Is it absence makes the heart grow fonder, or out of sight, out of mind, that's correct?
Long-distance relationships are tricky. You can love them, hate them or not believe in them, but most Millennials seem to think an LDR is a relationship's kiss of death.
Logically speaking, being apart from your significant other for long periods of time without any physical contact just doesn't seem appealing.
And I was once someone who thought couples who chose the long-distance route were just setting themselves up for impending doom.
However, over the past year, I've learned it's the person, not the idea of being apart, that determines how you feel about a long-distance relationship.
In other words, if you love someone enough, long-distance doesn't become the bane of your existence. It actually becomes something you both want to do.
As far as LDRs go, while my boyfriend and I may not win in the time we're forced to be apart (it's only over the summer for us), we do rank pretty high up there in terms of distance: 9,311 miles.
Having an international long-distance relationship between Kuala Lumpur, Malaysia and Rhode Island, America means a significant time difference and definitely its own set of obstacles.
While I was skeptical at first, being apart has not only been doable, but it's helped us both cherish our relationship even more. Whether it's three weeks or three months, here are reasons why every couple should experience long-distance at least once in their relationship:
1. What's a relationship if it isn't built on trust?
If you're not physically together, it's easy to wonder what your SO is doing in his or her spare time when you guys aren't in contact.
Is he getting close to any girls when he's having a boys' night out? Is she checking out any other men while she's at work?
These thoughts will definitely circulate through your head, but it's just your insecurities talking. Any good relationship is built on trust, and being in a LDR is the best way to not only test that trust, but to strengthen it.
If you can't trust him or her when you're apart, how can you when you're right next to each other?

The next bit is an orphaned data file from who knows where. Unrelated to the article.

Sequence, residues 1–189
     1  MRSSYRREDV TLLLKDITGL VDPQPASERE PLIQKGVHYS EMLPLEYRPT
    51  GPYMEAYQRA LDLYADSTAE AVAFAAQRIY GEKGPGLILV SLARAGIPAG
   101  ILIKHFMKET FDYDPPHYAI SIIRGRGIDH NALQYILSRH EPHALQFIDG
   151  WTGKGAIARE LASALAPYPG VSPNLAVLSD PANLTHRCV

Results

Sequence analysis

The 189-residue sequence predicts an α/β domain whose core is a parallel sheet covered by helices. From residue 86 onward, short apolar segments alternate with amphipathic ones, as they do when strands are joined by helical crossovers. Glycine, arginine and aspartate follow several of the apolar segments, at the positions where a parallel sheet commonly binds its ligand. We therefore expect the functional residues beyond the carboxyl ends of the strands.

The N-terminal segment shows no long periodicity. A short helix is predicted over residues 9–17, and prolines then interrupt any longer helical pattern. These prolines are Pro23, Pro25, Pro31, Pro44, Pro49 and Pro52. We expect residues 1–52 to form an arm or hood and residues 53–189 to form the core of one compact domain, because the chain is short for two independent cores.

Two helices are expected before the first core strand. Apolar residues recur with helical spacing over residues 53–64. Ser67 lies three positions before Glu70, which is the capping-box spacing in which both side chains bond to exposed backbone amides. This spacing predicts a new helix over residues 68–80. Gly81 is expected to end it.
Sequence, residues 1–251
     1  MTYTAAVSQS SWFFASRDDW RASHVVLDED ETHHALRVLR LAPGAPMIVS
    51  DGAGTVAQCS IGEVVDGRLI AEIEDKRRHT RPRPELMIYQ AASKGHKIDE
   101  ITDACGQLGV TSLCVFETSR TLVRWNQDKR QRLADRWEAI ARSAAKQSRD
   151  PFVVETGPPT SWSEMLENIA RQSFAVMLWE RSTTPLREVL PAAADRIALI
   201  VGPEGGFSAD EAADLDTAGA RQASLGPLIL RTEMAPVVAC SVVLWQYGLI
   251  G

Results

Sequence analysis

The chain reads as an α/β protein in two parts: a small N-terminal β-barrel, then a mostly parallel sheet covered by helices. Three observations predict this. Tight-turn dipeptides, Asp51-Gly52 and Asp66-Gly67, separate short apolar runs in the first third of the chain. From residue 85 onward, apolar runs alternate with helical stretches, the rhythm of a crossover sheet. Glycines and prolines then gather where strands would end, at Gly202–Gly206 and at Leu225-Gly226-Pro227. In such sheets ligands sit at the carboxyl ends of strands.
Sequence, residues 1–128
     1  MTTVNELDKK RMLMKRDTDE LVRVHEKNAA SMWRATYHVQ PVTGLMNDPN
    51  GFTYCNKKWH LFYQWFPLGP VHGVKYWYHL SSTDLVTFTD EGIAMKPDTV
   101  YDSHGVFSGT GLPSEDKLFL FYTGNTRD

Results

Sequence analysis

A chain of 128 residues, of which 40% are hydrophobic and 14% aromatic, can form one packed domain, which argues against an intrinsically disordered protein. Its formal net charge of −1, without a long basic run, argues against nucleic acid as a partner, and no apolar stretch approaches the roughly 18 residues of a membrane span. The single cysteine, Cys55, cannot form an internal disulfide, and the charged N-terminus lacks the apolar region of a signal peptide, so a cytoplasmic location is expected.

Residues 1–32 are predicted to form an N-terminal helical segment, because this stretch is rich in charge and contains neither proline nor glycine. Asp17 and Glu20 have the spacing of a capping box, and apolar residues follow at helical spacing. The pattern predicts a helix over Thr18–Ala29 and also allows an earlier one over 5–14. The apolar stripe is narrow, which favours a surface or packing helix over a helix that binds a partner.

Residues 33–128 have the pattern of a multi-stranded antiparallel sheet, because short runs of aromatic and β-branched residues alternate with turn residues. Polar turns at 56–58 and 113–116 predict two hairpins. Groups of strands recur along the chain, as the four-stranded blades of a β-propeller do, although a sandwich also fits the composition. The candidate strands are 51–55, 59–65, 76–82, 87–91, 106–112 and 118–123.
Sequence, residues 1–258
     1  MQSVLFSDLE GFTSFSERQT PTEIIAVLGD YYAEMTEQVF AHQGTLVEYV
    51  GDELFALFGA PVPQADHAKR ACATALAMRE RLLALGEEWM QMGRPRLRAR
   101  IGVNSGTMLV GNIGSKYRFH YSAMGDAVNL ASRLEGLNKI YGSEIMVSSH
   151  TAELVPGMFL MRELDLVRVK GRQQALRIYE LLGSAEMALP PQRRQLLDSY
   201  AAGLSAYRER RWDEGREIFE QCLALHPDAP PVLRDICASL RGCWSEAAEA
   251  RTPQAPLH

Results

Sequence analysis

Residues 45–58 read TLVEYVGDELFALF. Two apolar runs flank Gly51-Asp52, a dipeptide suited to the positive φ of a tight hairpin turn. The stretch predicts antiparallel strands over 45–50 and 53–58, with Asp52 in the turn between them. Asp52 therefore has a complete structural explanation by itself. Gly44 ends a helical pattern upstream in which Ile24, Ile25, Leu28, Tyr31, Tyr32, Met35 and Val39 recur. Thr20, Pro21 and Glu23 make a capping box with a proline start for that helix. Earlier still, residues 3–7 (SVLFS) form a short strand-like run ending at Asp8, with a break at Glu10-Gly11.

2. Instills appreciation
Yes, it sucks to be apart. You miss being able to physically touch and cuddle, but that just makes you appreciate him or her even more.
LDRs make you value the times when you actually do get to be together, and it gives you both something to look forward to.
Even though it's through a screen or by savoring your SO's embrace when you're finally reunited, being thankful is good for the soul and for the relationship.
3. Fosters actual conversation
When your entire relationship boils down to Skype sessions, FaceTime calls and text messages, it means the bulk of it is really just talking.
I'm not saying you don't talk when you're physically together, but when you're apart and all you can do is just talk, you'd be surprised by how much there is to talk about.
From "how was your day?" to your SO's hopes and dreams, distance makes you realize there's so much more to a relationship than just sex or other physical aspects.
It really is about finding someone who you can talk to and laugh with for hours on end.
4. Testing your foundation
Whether you've been together for a few weeks, months or even years, long-distance loves are a great way of testing your foundation as a couple and seeing if this really is it. Not everyone can do long-distance, and not everyone has to.
But being apart puts a lot of things into perspective. LDRs shed light on what your relationship really is about.
5. Tough times don't last; tough people (or couples) do
Like I said, not every couple can do long-distance. While that doesn't mean it's the indefinite end for the both of you, LDRs show you that you both can work at what you have, if you really are invested.
When you're physically together, it's easy to take things for granted. But put a few hundred or thousand miles between you both, and that's when the real work begins.
Relationships require effort from both parties, and if you can overcome the long-distance obstacle, you'll be surprised by how much you both can accomplish as a team.